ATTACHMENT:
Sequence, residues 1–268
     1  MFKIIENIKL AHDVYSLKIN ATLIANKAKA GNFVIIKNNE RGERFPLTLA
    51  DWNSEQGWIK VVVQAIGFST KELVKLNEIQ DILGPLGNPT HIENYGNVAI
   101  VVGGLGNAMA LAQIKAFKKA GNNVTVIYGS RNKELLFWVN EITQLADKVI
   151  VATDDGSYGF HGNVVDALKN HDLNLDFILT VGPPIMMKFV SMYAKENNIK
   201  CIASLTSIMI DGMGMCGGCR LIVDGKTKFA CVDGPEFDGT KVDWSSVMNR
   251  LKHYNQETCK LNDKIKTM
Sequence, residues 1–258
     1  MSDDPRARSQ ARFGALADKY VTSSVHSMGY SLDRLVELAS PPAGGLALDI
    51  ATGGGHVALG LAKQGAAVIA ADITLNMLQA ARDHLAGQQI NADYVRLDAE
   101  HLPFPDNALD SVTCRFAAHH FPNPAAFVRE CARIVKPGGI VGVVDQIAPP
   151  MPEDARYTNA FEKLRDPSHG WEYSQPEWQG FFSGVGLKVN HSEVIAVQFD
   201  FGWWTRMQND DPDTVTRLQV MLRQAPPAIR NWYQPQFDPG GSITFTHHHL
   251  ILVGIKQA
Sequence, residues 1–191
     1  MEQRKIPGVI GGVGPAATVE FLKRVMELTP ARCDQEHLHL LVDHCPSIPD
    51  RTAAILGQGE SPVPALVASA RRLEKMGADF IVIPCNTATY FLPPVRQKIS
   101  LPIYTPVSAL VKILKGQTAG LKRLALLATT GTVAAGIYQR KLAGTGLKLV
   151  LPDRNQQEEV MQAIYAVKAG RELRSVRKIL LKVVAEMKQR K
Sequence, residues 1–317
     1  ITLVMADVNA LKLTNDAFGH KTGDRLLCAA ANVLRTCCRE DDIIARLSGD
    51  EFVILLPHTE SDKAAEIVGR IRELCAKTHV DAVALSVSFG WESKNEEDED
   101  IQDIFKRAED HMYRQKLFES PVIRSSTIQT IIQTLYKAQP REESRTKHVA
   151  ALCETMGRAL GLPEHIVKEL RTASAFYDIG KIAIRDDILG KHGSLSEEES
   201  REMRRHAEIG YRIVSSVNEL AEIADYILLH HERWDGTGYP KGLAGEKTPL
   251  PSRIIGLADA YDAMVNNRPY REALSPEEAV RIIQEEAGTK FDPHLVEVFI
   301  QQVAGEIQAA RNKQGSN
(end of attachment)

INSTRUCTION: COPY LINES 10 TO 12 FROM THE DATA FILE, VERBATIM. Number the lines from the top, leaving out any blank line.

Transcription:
    51  ATGGGHVALG LAKQGAAVIA ADITLNMLQA ARDHLAGQQI NADYVRLDAE
   101  HLPFPDNALD SVTCRFAAHH FPNPAAFVRE CARIVKPGGI VGVVDQIAPP
   151  MPEDARYTNA FEKLRDPSHG WEYSQPEWQG FFSGVGLKVN HSEVIAVQFD